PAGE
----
Self-Criticism as a Mechanism Linking Childhood Maltreatment and Maternal Efficacy Beliefs in Low-Income Mothers With and Without Depression

Louisa C. Michl, Elizabeth D. Handley, Fred Rogosch, Dante Cicchetti, Sheree L. Toth

Research output: Contribution to journalArticlepeer-review

10 Scopus citations

Abstract

The primary aim of the current study was to examine self-criticism as a potential mechanism mediating the relation between mothers’ own childhood maltreatment history and changes in subsequent maternal efficacy beliefs in a diverse sample of low-income mothers with and without major depressive disorder. Longitudinal data were drawn from a larger randomized clinical trial evaluating the effectiveness of interpersonal psychotherapy for depression among low-income mothers and their 12-month-old infant. Results indicated that higher levels of maltreatment in childhood led mothers to hold more self-critical judgments in adulthood. Additionally, mothers who had experienced more extensive childhood maltreatment histories perceived themselves as less efficacious in their role as mother. Structural equation modeling indicated that self-criticism mediated the relationship between childhood maltreatment and mothers’ decreased perceived competency in her maternal role from when her child was an infant to the more demanding toddler years. Finally, this relationship held over and above the influence of mothers’ depressive diagnostic status. Directions for future research and the clinical implications of these findings are discussed.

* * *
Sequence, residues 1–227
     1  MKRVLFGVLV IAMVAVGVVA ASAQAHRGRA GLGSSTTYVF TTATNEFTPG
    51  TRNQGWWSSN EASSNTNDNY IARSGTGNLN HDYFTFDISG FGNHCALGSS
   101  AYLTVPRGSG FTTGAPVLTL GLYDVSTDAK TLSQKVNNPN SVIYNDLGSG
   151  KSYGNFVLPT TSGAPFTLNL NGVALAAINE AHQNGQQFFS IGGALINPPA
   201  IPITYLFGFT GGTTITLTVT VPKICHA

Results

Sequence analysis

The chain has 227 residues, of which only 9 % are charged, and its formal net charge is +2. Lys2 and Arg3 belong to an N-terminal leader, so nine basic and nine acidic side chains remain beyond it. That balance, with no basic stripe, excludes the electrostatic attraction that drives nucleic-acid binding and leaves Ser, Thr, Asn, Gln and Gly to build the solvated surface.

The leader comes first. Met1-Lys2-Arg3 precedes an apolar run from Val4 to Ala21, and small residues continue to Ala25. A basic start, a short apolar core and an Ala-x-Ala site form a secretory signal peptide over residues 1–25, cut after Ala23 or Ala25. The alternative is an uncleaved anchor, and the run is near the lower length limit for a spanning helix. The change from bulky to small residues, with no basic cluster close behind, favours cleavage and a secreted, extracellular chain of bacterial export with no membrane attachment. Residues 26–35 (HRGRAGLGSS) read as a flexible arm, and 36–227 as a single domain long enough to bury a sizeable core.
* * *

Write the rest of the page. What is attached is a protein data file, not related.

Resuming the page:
Original languageEnglish (US)
Pages (from-to)291-300
Number of pages10
JournalChild Maltreatment
Volume20
Issue number4
DOIs
StatePublished - Nov 1 2015

Keywords

  • childhood maltreatment
  • depression
  • maternal efficacy
  • parenting
  • self-criticism

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